The Best Time Of Year To Prune Your Oak Trees

Oak trees are a beautiful addition to any front or backyard. Not only do they make a statement with their sweeping height — a burr oak can grow up to 80 feet tall –  but they also provide plenty of summer shade for your family and tons of shelter for neighborhood animals, such as birds and squirrels. While they don't need weekly care as your flower beds or vegetable patches might, they still need some tending. Specifically, you need to prune your oak tree from time to time, but you shouldn't pick up your sheers whenever the thought strikes. Instead, you need to wait until it's the best time to trim your oak tree — during late winter or the very beginning of spring. The reason for this is you want the tree to be dormant for the pruning process.

There are several reasons why you might need to prune your oak. Perhaps a few wayward branches are growing too close to your house or an important structure. Maybe you have a few injured branches from a previous storm that need cutting, or possibly you have spotted a couple of diseased limbs that will need to be removed. Whatever the reason, your best bet is to make these cuts during winter and the very beginning of spring.

Why you should prune oak trees in winter and early spring

There are several reasons to wait until winter and early spring to bring out your cutting sheers. First, it's more convenient. The plant won't have any leaves, allowing you to easily see where you need to cut. This ensures you don't cut more than you need to, resulting in a less injured tree. Second, pruning trees during the winter ensures that there won't be any new growth since the plant is dormant. In contrast, if you bring out the sheers in fall, the tree will direct its resources to grow a new bud in its place. This will deplete some of the energy that it needs to survive the winter, and the new bud will be too small and weak to pull through the cold season, thus dying and damaging the tree. By pruning it during the winter or late spring, you won't risk that.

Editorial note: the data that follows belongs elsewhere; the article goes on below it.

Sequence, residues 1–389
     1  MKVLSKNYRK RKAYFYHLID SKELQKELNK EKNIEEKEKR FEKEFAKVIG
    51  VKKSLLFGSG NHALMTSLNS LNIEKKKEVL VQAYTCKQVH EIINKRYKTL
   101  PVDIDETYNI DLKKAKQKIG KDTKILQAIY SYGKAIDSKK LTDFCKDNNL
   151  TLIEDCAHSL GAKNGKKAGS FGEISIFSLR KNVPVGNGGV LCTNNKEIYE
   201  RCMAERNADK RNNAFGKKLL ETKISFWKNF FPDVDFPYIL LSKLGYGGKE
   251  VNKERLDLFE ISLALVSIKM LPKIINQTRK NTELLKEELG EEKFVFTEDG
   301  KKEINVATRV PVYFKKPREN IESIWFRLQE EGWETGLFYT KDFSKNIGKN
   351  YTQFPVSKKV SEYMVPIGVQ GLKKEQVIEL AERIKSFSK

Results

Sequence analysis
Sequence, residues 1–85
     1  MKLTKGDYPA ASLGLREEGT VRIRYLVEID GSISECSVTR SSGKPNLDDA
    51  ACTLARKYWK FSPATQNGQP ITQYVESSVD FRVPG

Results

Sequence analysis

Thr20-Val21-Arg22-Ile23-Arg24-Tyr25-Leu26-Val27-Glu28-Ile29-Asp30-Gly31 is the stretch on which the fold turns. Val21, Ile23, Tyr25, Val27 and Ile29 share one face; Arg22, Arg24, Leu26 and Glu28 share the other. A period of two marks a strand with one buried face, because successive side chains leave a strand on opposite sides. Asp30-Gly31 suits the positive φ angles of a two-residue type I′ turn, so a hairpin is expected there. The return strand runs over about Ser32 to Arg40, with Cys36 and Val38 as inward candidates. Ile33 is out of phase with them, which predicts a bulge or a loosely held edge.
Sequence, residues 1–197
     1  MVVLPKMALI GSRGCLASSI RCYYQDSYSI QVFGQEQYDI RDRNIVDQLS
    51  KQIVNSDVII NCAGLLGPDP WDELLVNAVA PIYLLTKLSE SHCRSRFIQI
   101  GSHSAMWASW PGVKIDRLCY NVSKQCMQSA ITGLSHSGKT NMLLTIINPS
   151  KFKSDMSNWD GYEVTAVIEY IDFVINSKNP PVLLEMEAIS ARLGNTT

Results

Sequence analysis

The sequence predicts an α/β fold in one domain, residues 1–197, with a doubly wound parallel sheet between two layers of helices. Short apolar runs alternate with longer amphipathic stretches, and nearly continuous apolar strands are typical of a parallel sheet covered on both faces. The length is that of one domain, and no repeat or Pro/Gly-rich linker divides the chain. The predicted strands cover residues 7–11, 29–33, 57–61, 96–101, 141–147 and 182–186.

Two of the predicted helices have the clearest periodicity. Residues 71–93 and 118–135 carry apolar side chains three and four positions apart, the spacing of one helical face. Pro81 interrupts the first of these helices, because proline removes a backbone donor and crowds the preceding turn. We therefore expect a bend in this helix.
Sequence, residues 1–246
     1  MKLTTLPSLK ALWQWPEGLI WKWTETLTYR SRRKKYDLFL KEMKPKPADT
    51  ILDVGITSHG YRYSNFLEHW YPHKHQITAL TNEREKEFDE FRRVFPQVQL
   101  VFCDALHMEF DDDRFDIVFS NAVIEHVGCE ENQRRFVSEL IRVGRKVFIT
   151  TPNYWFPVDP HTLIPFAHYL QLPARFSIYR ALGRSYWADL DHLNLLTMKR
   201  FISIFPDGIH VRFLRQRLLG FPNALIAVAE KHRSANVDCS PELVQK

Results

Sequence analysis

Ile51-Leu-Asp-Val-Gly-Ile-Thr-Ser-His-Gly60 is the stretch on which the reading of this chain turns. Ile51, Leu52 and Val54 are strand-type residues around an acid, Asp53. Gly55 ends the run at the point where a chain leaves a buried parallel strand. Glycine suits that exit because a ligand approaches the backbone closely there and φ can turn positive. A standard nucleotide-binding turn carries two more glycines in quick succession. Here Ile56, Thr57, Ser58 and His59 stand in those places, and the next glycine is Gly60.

Lastly, and most importantly for oak trees in particular, pruning during the dormant season reduces the chance of oak wilt. This is a potentially fatal infection for oak trees, and it's caused when open wounds seeping with sap attract infected pests, transferring the disease to the tree. These bugs are at the highest risk during the growing season — aka, April and October — so performing any cuts before and after that time block minimizes the risk of contracting the disease.

Caveats to keep in mind

There are some caveats to keep in mind when pruning your oak tree. First, you want to trim as little as possible per season to minimize stress and avoid removing too many of its leaves. Doing so will reduce its ability to photosynthesize and protect itself from the hot sun during summer. As a rule, you shouldn't remove more than 5% of its canopy if you're doing some annual upkeep and cleaning. If it's been sometime between pruning and you need more robust maintenance, you shouldn't remove more than 15% of an oak tree's limbs at a time. If you need to trim more, create a pruning plan that is staggard across a few years. 

If you have an oak that received a wound during the summer, you might think you have no choice but to prune it then and there. But to protect it from the threat of oak wilt, cover the injuries with either latex-based paint or special tree-wound paint such as Tanglefoot Tree Wound Pruning Sealer & Grafting Compound, which is $10 at Menards. Hopefully, this will keep it safe and protected until you can remove the branch in the winter. Lastly, you should consider leaving the tree pruning to professional arborists if your oak is taller than 15 feet. They are more knowledgeable about where it's safe to cut, and they will also have the proper safety equipment to scale such tall heights and remove large and heavy limbs.